(A.P.) — J.R. Richard, a huge, flame-throwing right-hander who spent ten years with the Houston Astros before his career was cut short by a stroke, died at 71. The team announced his death on Thursday but did not provide any further details.
“Today is a sad day for the Houston Astros as we mourn the loss of one of our franchise icons, J.R. Richard,” the Astros said in a statement. “J.R. will forever be remembered as an intimidating figure on the mound and as one of the greatest pitchers in club history. He stood shoulder to shoulder with club icons Larry Dierker, Joe Niekro, and Nolan Ryan, to form a few of the best rotations in club history.”
The 6-foot-8 Richard intimidated hitters with an effectively wild delivery, a fastball that often touched 100 mph, and an almost unhittable breaking ball. He was selected by the Astros with the second overall pick in the 1969 draft and struck out 15 batters in a complete-game win over the Giants in his major league debut on Sept. 5, 1971.
He pitched for Houston from 1971-80, going 107-71 with a 3.15 ERA and 76 complete games. Richard won a career-best 20 games in 1976, the first of four straight seasons with at least 18 wins.
In 1978 he became the first Astro to strike out 300 batters when he led the majors with 303. The next year, he led the National League with a 2.71 ERA and fanned 313 to lead the majors again.
Richard was having a great season in 1980, posting a 10-4 record with a 1.96 ERA in the first half of the season and starting for the N.L. in the All-Star Game on July 30. Less than a month later, Richard suffered a major stroke that ended his career.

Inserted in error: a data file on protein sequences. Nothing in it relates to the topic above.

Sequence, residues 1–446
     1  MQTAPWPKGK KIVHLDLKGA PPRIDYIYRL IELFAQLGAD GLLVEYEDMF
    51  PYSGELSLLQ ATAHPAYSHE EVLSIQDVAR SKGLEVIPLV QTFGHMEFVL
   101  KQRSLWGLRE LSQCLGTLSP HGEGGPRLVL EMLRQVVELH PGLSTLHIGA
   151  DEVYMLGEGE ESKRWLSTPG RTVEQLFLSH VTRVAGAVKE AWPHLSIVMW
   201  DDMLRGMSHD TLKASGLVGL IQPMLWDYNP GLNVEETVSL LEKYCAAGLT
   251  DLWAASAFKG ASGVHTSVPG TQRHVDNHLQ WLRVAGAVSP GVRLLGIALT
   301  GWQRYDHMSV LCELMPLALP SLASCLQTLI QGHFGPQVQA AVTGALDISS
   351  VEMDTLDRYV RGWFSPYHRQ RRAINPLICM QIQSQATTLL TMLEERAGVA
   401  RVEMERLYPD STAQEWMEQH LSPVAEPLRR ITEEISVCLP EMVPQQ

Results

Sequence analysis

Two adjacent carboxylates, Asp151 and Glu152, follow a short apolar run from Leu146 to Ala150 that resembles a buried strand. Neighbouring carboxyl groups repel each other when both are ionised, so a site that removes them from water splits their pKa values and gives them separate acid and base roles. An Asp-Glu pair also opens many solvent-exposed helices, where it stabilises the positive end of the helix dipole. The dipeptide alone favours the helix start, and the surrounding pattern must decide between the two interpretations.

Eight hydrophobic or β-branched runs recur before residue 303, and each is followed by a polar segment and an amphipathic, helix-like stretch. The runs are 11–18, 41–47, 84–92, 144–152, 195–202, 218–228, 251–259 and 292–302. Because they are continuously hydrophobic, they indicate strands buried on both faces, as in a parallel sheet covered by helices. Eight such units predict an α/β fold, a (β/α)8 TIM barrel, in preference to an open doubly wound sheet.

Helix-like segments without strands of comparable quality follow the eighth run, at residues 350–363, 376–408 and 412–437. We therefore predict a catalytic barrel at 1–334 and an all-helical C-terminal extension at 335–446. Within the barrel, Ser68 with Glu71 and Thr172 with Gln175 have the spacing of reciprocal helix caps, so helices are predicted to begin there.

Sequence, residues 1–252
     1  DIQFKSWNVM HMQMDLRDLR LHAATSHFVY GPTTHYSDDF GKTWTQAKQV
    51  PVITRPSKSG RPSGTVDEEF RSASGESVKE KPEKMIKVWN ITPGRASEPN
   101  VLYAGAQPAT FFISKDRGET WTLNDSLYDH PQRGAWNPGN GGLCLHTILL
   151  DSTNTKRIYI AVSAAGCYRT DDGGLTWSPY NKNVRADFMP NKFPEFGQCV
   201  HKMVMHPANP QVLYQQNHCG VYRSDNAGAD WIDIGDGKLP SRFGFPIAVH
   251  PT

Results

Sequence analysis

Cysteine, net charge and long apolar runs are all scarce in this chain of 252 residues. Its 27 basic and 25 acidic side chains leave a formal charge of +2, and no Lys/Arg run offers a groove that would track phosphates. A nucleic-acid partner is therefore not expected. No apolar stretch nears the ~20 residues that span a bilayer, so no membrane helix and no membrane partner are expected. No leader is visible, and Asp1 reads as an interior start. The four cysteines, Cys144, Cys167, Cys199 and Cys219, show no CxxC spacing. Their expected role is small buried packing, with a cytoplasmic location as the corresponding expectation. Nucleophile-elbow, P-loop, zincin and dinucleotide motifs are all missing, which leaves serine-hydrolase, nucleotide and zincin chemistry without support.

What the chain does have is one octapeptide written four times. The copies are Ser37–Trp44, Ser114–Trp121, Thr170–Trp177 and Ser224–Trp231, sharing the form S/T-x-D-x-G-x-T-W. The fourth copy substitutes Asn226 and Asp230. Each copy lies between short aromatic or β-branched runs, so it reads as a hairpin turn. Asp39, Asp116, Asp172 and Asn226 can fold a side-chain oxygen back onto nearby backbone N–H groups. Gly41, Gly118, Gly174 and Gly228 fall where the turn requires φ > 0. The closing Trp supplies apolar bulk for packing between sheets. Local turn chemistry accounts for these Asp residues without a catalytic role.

Richard, who was just 30 at the time, attempted a comeback but could never make it back to the majors and was released by the Astros in 1984.
Enos Cabell, who played with Richard for six seasons, raved about his teammate and longtime friend.
“He was one of the greatest pitchers we ever had and probably would have been in the Hall of Fame if his career was not cut short,” he said. “On the mound, he was devastating and intimidating. Nobody wanted to face him. Guys on the other team would say that they were sick to avoid facing him.
Houston manager Dusty Baker, who faced Richard often during his playing career, recalled some of his teammates manufacturing injuries to avoid the matchup.
“We had a couple of catchers, one came with his arm in a sling, and another came on crutches,” Baker said. “There was something called J.R.-itis, which was an incurable disease when you’re scared of J.R. Richard.”
Baker never backed down from the challenge of facing Richard, whom he called a friend, but he could see why others shied away from it.
“It was like J.R. was only throwing from about 50 feet,” Baker said. “With his reach and he was all legs, you didn’t have much time to make up your mind. … You didn’t feel comfortable at the plate. He was the toughest guy I ever faced.”
Richard left his mark on the Astros’ record books and is tied for second in career ERA (3.15), third in strikeouts (1,493), fourth in complete games (76), and fifth in wins (107) and shutouts (19). He was inducted into the team’s inaugural Hall of Fame in 2019.
José Cruz, an outfielder who also played with Richard for six years, recalled what it was like playing behind him.
“He was one of the greatest Astros ever,” Cruz said. “When he was pitching, we knew that we were going to get a ‘W.’ I didn’t get too many balls to hit to me in the outfield when he pitched because he was so dominating.”
Richard fell on hard times after his career ended. A series of bad investments, failed businesses, and a divorce left him penniless, and he was briefly homeless in the mid-90s.
He eventually got his life back on track and worked as a minister in his later years.